Author: Anne Bishop
Rating: 4.5 Stars
It has become an accepted rule among readers of Urban Fantasy that the first book in a new series is going to be the worst. When it comes to Written in Red, however, all I really have to say is that Bishop has big shoes to fill if she's going to try to write a sequel even better than this. Although this novel is a little tedious to get into, its unique lore, lovable characters, and exciting plot line will likely leave you bereft by the end, not wanting to leave this world Bishop has spun.
Meg Corbyn is a woman on the run. As a blood prophet - one who can see the future when she cuts herself - she has been locked up and held by a Controller all her life. Now, desperate for freedom, Meg flees to the only place she can think of: the Compound. The Compound is home to the Others, creatures who wear human skin but are anything but. Ranging from werewolves and vampires to beings that can turn into birds or control the weather, the only sure thing about the Others is that they are dangerous. The Compound isn't the most welcoming of places for a human, but even upon first sight, Simon, the head of the Compound, knows Meg is no ordinary human. When Meg applies for the position of Human Liaison at the Compound, Simon agrees to let her have it...at least until he can figure out how much a threat she truly is.
What makes Written in Red such a spectacular introduction to this series is the seamless manner in which the story is told. Bishop shifts from the third person perspectives of Meg, Simon, and Monty, a human policeman in charge of handling any crimes or misdemeanors involving the Others. Although multiple perspectives is often jarring for readers, Bishop handles this aspect of the story really well, only shifting the point of view when it is beneficial to the plot line and not because of a new chapter. Moreover, these different perspectives help build a more thorough picture of the world Bishop has created - through human eyes, through Other eyes, and through the eyes of a woman who doesn't quite belong in either worlds.
Additionally, Meg is the epitome of a quiet heroine. While I admire a kick-butt female as much as the next reader, I appreciate the silently fierce heroines even more. When we are introduced to Meg, it is easy to see her as weak and frail. After all, she is thin, her skin covered in scars from her cutting, and nervous. Meg has had little interaction with humans or Others, which makes her an unpredictable character, but one whose journey it isn't difficult to become invested in. At her core, Meg is not only a good person, going out of her way to make friends and assimilate into her new lifestyle, but she is also strong, owning a hidden reservoir of courage and loyalty.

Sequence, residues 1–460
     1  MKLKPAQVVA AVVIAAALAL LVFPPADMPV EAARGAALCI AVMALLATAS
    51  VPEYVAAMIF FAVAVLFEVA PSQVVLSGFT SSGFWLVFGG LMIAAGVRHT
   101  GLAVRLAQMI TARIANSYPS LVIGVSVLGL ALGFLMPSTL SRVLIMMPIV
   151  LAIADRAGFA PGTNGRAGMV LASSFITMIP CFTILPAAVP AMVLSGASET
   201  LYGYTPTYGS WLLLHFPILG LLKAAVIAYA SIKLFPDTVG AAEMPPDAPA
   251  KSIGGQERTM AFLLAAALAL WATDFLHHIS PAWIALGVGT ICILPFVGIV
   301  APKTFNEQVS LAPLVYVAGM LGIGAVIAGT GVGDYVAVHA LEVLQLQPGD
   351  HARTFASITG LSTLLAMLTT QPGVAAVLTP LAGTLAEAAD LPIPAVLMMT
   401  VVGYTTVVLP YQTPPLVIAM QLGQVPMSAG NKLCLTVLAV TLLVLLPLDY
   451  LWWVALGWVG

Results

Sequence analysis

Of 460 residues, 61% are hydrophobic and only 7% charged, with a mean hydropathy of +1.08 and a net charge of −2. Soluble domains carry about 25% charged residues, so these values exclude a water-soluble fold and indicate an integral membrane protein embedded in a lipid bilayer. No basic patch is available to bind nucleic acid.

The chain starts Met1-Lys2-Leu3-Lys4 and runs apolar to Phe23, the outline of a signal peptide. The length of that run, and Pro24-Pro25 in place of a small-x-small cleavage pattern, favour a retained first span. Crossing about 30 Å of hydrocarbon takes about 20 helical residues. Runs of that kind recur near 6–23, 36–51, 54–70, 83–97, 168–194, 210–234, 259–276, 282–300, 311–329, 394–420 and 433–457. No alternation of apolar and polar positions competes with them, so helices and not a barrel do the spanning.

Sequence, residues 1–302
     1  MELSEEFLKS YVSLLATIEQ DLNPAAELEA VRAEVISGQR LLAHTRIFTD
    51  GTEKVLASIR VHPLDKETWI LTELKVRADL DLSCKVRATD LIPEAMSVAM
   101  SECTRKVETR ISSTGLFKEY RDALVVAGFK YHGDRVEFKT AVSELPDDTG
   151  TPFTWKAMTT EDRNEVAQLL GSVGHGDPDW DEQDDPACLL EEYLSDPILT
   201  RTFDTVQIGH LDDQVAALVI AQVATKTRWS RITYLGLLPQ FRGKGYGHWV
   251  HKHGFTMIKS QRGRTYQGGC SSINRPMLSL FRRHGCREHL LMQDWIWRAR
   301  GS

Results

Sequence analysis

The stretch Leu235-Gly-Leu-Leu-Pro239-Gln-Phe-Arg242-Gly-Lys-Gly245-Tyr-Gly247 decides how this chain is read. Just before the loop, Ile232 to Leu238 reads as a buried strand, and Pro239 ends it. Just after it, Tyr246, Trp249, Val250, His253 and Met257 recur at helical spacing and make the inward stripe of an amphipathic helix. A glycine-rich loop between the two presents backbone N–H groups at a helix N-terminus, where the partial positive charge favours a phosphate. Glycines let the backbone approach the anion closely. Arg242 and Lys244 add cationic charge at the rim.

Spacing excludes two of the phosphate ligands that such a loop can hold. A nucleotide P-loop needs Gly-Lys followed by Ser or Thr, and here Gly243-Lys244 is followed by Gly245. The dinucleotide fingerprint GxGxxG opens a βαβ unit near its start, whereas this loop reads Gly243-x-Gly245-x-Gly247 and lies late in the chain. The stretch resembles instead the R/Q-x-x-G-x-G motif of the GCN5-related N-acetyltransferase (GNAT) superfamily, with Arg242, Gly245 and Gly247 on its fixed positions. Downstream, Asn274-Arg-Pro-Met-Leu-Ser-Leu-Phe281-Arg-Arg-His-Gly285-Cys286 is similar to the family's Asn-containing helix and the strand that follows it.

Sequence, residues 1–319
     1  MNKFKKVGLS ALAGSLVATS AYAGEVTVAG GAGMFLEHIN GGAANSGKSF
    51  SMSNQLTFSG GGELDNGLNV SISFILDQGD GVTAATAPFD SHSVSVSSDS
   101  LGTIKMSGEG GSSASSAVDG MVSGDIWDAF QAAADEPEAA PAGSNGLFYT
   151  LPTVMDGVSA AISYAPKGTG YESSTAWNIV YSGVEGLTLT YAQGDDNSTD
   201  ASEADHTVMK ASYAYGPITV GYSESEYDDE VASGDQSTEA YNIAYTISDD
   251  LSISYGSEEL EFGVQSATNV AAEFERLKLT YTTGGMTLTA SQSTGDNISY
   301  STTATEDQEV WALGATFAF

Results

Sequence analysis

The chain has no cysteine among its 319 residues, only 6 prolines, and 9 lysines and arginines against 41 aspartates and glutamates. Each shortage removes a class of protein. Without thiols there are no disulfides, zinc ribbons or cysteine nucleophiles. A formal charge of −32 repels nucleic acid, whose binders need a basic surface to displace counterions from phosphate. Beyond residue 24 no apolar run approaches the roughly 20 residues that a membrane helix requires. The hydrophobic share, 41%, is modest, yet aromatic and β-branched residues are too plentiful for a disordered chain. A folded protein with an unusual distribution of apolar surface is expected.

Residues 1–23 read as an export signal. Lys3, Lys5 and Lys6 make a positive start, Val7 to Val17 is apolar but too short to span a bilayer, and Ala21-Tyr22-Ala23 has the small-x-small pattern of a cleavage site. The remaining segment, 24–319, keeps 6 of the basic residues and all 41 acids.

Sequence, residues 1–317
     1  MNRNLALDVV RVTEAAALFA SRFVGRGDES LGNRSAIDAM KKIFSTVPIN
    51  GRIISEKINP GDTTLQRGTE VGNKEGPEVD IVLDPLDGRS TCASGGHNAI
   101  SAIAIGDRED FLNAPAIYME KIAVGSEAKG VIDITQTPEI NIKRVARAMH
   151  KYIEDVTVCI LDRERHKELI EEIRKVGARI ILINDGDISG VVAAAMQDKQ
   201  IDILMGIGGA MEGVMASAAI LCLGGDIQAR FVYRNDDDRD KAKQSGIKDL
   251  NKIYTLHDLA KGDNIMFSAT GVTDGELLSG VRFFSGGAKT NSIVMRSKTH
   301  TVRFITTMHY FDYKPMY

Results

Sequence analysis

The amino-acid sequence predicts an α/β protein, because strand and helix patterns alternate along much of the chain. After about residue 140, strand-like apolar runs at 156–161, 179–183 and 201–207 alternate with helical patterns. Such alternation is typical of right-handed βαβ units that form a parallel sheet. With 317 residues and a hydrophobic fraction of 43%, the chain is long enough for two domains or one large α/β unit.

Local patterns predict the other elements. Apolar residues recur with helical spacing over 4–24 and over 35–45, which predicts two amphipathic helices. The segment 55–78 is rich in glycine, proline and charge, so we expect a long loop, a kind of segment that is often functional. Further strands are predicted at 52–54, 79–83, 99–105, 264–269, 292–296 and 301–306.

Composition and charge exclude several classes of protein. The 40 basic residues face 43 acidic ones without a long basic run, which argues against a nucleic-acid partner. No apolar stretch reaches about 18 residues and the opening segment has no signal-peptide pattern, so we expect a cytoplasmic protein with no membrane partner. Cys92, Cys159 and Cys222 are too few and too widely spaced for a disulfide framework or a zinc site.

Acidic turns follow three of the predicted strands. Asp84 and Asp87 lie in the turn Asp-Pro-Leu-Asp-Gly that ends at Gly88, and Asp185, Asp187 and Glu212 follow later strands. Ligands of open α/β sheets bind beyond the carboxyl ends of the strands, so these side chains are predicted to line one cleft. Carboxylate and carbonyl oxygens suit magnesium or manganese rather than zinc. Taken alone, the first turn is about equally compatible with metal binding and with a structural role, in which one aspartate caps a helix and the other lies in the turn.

Written in Red is difficult to describe in terms of plot, suffice to say that there are multiple plot lines at play. Simon, the head of the Courtyard, goes off for a period of time to investigate a series of strange occurrences outside of his compound. Meanwhile, Asia, a young woman relaying information about the Others in hopes of landing her own detective show, is snooping around the Compound with malicious intent. At the same time, however, Meg is witness to prophecies of her death, the kidnapping of a wolf pup, Sam, among other trouble. Nevertheless, despite the fact that the plot of this novel is involved, these plot threads subtly come together, never overwhelming the story line, and Bishop manages to still make this a character-centric book.
For me, what made this book so irresistible to put down was the fact that it was comprised of relationships. Although there is a very understated romance in the novel - one that will likely gain more traction as the series progresses - the main appeal of this series is Meg and the manner in which she startles the Others, forcing them to change their lifestyles and acknowledge her presence. With Sam, Simon's nephew who has been an unresponsive pup ever since watching his mother die, Meg makes efforts to gain trust and open the child up to others, finally making him play, eat, act, and shift like a werewolf. Similarly, Meg maintains strong bonds with the humans in the Compound, delivers movies on time to the vampires, feeds the ponies carrots and sugar cubes, talks on equal par with Simon (no longer frightened of him as the book wears on), and amuses the crows. With time, she becomes part of the Compound and their culture, though different from that of the humans, soon grows to include her, which is the main highlight of this novel. It is, for all its deceptive appearance, a feel-good story through-and-through.
Ultimately, I cannot recommend Bishop's latest enough. Not only does it introduce a vivid and original new world, not to mention a set-up of paranormal creatures that has them all living together instead of snarling at one another's throats, but it also sketches characters that worm their way into your heart. In my eyes, there is nothing better than a novel that can inspire emotion and Written in Red does that - in spades.